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ALASKA VOLCANO OBSERVATORY STATUS REPORT
U.S. Geological Survey
Monday, March 21, 2011, 12:28 PM AKDT (Monday, March 21, 2011, 20:28 UTC)
52°49'20" N 169°56'42" W,
Summit Elevation 5676 ft (1730 m)
Current Volcano Alert Level: ADVISORY
Current Aviation Color Code: YELLOW
Cloudy conditions obscured views of Cleveland volcano by satellite in the past 24 hours. No reports of activity have been received.
Without a real-time seismic network on Cleveland volcano, AVO is unable to detect local earthquake activity related to volcanic unrest and cannot rely on seismic data to forecast possible eruptive activity. Brief explosive bursts in the summit vent may generate ash clouds that could rise more than 20,000 ft. above sea level and drift from the volcano with the prevailing winds. Without a seismic network in place, the only way to detect such ash clouds is to observe them in satellite imagery. Satellite images of Cleveland volcano are acquired about every two hours. Small volume ash emissions occur frequently at Cleveland and do not necessarily mean a larger eruption is imminent. The last ash cloud we detected was on September 12, 2010. Weak thermal anomalies have been regularly observed in the summit crater for the past eight months through March 2011. AVO continues to monitor the volcano using satellite imagery, pilot reports, and local observations made by passing boats.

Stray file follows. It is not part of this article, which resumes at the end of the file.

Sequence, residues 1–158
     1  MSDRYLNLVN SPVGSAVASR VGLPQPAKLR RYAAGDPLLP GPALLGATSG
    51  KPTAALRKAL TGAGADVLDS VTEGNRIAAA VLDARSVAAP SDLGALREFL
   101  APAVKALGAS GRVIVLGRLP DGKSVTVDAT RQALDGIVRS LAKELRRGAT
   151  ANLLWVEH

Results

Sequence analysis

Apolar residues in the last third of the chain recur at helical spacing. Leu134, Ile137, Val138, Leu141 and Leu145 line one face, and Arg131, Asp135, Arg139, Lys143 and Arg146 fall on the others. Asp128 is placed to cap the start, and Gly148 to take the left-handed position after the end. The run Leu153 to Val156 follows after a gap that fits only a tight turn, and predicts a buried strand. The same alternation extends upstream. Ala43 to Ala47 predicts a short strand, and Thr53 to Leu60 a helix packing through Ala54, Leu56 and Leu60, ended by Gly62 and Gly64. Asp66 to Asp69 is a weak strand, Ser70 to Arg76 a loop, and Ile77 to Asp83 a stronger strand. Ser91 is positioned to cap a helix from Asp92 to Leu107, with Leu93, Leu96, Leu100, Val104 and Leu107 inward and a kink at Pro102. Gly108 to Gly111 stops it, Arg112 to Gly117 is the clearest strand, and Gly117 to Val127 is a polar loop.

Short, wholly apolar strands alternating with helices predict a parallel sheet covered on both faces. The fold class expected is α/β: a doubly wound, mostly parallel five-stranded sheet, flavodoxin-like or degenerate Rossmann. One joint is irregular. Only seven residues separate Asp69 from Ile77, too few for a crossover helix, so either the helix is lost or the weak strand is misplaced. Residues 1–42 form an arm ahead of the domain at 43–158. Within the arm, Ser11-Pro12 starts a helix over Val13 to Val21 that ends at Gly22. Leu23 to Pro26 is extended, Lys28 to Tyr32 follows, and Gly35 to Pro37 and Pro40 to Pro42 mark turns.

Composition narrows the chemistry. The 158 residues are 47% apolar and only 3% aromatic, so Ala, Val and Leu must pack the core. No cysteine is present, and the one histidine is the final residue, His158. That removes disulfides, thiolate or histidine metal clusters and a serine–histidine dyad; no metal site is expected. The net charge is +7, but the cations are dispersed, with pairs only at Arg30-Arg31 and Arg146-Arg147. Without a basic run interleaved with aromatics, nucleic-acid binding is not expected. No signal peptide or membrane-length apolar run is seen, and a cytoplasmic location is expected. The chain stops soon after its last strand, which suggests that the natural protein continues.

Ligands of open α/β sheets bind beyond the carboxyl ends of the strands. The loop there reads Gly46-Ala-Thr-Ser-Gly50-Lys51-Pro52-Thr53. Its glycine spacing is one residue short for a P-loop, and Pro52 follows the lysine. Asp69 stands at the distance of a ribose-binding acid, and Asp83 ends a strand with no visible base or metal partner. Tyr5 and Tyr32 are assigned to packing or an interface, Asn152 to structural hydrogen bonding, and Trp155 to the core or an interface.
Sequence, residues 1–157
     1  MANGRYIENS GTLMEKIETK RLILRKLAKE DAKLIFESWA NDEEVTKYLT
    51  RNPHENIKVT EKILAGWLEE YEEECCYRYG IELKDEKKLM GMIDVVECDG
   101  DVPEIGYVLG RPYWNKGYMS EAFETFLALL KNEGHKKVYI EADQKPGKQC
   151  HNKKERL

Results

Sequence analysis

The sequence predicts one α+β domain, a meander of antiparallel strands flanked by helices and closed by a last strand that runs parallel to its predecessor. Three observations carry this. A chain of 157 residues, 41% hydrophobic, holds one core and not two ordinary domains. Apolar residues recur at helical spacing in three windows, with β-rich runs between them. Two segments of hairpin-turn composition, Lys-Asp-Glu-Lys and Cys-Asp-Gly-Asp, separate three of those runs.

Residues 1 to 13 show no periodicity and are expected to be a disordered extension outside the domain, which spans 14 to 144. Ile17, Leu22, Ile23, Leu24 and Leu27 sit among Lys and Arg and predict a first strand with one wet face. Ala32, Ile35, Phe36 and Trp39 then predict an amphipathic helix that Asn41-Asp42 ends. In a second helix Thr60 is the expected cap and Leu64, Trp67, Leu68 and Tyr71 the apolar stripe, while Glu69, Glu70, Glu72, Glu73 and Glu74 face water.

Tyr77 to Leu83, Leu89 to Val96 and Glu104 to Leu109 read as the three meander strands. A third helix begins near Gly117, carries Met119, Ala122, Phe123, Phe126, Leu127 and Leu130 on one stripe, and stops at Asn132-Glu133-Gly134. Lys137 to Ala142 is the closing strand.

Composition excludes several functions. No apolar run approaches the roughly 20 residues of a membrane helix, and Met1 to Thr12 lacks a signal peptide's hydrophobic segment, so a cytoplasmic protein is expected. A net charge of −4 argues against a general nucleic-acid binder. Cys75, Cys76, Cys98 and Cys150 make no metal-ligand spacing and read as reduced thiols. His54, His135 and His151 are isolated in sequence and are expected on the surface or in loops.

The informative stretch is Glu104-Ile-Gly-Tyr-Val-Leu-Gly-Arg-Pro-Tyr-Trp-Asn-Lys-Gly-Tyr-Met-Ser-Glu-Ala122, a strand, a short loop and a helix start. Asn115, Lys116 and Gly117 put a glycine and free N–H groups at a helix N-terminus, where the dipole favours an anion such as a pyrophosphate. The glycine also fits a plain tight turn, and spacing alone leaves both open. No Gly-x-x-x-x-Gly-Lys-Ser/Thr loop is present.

John Power, Scientist-in-Charge, USGS
firstname.lastname@example.org (907) 786-7497
Steve McNutt, Coordinating Scientist, UAF
email@example.com (907) 474-7131
The Alaska Volcano Observatory is a cooperative program of the U.S. Geological Survey, the University of Alaska Fairbanks Geophysical Institute, and the Alaska Division of Geological and Geophysical Surveys.